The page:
10. The section applies to property which has legally vested in the Court of Wards by reasonof the declaration under section 10 of the Act and the superintendence of which has been continued by them even after the death of the ward. It is immaterial that an item of property was either in the possession of the ward or of his transferees or heirs. In the eye of law, unless such property was released from superintendence, it would remain under the superintendence of the Court of Wards even after the death of the ward. The mere fact of the Court of Wards not having come into possession of the property in dispute is in our opinion immaterial. The test to determine whether a property has or has not passed under the superintendence of the Court of Wards is whether a declaration under section 10 has or has not been made in respect of it. If a declaration has been made or if the declaration covers the property in dispute, the Court of Wards is entitled to recover possession of it according to law.
Such being the case, it cannot be said that because the Court of Wards did not take possession of an item of property, the property did not legally vest in it. In our opinion Section 45 covers the case of property which, though not in the actual possession of the Court of Wards is liable to be taken possession of by them by virtue of the declaration under Section 10 provided the superintendence is retained even after the ward's death under section 45. Section 49 bars a suit relating to the property, the superintendence of which has been retained by the Court of Wards after the death of the ward. This section reads:
'when the Court of Wards retains superintendence of any property under the provisions of Section 45, Section 48 or section 48, it may exercise all or any of the powers conferred by this Act in respect of such property and may do all such things requisite for the proper care and management of the property as the proprietor thereof if not disqualified might do for its care and management, and may pay such allowances to relatives and dependents of a deceased ward as may seem to it reasonable; all acts done by the Court of Wards in exercise of the powers conferred by this sub-section shall be binding on the person who succeeds to such property.
(2) All suits relating to the said property shall be brought or defended in the name of the Collector in charge of such property or of such other person as the Court of Wards may appoint in this behalf.'
The section clearly deals with the property, the superintendence of which has been retained by the Court of Wards under the provisions of section 45. If the superintendence over a property would be deemed to have been retained by the Court of Wards under the provisionos of section 45 the provisions of Clause (2) of section 49 would apply to that property also. If the property in dispute was the property of Rajendra Singh the claim of the plaintiffs was clearly barred under section 49 (2).
11. The decision of the court below on the second point raised before it, namely that no suit would lie for an injunction against the Court of Wards forbidding it to execute a sale-deed in respect of the property under its superintendence, is not material because it is admitted before us that as the suit was dismissed by the court below and the temporary injunction issued by the court below was discharged and no temporary injunction was issued by this Court, the sale-deed was in fact executed by the Court of Wards in favour of defendant No. 1. This brings us to third point raised before us, namely whether the suit was maintainable in view of the fact that the property.according to the plaintiffs, was the joint Hindufamily property of Rajendra Singh and of theplaintiffs.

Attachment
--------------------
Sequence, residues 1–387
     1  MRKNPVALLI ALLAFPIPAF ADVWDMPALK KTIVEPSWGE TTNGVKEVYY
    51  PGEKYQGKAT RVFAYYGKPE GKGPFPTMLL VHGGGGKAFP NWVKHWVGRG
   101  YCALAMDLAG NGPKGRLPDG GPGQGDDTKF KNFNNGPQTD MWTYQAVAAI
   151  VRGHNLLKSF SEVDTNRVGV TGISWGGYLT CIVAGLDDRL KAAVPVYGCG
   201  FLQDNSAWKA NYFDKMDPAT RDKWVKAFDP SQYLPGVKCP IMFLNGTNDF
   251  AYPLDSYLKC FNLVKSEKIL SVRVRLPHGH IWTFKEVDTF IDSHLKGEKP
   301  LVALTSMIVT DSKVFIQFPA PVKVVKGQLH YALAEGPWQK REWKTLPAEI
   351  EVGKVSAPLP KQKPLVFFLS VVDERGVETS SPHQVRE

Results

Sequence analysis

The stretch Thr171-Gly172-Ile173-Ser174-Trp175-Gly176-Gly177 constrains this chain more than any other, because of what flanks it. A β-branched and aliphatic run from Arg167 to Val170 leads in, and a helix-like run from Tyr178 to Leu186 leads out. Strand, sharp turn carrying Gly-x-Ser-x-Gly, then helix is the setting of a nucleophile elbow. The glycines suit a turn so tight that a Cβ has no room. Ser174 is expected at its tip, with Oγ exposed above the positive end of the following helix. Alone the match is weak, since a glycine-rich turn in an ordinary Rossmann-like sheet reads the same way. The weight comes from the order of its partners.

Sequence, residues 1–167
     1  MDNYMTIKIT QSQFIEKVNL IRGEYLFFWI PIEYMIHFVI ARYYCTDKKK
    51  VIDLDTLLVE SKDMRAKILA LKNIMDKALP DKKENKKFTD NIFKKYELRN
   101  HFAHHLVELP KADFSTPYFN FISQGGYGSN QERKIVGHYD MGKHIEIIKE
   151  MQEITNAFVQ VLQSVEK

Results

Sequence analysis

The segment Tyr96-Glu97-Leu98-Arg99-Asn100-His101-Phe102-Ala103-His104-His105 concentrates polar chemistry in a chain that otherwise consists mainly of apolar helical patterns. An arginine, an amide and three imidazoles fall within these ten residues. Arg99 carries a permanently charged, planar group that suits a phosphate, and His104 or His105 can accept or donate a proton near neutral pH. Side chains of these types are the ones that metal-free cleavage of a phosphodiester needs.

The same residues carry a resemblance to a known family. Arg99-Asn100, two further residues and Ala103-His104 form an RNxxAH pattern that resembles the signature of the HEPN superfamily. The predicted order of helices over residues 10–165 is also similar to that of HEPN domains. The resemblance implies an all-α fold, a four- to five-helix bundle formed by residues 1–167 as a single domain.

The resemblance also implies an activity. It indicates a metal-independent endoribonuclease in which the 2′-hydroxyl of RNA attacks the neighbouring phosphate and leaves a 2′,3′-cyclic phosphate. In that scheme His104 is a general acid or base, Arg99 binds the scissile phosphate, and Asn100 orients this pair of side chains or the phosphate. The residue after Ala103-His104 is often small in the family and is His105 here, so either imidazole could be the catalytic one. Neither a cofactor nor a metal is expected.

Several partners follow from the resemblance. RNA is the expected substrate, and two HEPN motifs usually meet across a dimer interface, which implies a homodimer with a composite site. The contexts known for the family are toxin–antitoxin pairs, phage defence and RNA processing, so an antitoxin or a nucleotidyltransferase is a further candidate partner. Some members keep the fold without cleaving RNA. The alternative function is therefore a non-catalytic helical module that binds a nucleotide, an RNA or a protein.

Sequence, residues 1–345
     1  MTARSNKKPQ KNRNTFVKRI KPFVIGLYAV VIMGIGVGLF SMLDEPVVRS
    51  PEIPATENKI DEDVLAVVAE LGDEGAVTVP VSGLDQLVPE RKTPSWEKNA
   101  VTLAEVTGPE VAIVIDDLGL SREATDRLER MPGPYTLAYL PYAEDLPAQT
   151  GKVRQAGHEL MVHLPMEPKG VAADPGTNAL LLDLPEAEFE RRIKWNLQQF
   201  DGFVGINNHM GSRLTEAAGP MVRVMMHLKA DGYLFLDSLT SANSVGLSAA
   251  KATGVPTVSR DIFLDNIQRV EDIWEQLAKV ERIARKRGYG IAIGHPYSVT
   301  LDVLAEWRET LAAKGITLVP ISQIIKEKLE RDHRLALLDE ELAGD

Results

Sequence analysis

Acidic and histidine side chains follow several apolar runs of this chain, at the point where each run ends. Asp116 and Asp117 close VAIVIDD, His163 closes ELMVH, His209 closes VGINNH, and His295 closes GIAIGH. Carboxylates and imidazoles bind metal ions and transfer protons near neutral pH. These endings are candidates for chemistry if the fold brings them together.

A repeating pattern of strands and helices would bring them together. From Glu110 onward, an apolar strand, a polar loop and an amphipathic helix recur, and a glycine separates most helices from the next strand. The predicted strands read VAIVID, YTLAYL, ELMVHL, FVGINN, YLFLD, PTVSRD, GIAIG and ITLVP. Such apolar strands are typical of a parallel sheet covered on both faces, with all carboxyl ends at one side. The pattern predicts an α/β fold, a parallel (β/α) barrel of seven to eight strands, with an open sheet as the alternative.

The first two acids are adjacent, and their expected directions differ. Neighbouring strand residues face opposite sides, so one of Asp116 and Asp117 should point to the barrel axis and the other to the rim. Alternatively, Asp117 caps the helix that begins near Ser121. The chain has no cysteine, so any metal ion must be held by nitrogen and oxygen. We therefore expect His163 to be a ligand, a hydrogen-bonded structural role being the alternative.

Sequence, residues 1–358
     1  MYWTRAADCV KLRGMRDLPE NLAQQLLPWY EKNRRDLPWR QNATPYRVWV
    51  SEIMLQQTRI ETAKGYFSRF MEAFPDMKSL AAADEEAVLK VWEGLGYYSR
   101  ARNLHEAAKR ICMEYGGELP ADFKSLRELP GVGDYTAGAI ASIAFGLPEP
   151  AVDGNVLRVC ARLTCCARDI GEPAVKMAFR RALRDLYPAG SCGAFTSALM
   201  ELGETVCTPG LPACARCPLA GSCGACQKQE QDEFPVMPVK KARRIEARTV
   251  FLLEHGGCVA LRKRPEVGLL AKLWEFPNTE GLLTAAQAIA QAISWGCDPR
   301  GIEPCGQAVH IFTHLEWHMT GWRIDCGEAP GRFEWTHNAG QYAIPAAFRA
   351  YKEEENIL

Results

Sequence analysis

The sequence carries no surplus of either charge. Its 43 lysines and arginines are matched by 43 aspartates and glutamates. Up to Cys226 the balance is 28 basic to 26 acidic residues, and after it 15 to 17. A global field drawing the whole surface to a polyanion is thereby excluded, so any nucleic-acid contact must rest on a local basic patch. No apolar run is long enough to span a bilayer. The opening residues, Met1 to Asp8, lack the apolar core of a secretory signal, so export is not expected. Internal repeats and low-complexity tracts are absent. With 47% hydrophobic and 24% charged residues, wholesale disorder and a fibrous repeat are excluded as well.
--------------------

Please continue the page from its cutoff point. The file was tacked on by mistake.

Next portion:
The plaint makes it perfectly clear that the plaintiffs claimed reliefs not only on the ground that Rajendra Singh being a ward of the Court was incompetent to execute the sale-deed in question but also because the property was the ancestral co-parcenary property belonging to Rajendra Singh and the plaintiffs, and as such Rajendra Singh could only sell the property if there was legal necessity for the same. The plaintiffs further alleged that there was no such legal necessity and the sale was not binding on them. No issue was framed on this aspect of the case. It was strongly urged by the learned standing Counsel who appeared for the Court of Wards that this plea was not raised before the Court below and having been raised now for the first time should not be allowed to be raised. It is true that this point was not argued before the court below, but it cannot be said that the plea was not raised by the plaintiffs in the pleadings.
It is also true that the plaintiffs' counsel stated before the court below that the property of the plaintiffs was under the superintendence of the Court of Wards by virtue of section 45 of the Court of Wards Act, but the learned counsel never said that the property in dispute was also under the superintendence of the Court of Wards. Indeed their whole argument was that the whole property was not under the superintendence of the Court of Wards because it was not taken possession of by them. No doubt, again, no issue was framed in the court below upon the point now raised before us, but it does not appear that the point was given up.
12. Having considered all the circumstances of the case, we think that in the interest of justice an issue should have been framed upon this part of the plaintiffs' case.
13. Consequently we allow this appeal, set aside the decree of the court below and remand the case to that court with directions to re-admit it to its original number and decide the case according to law after framing proper issues that arise upon the pleadings of the parties.
14. Costs here and hitherto shall abide the result.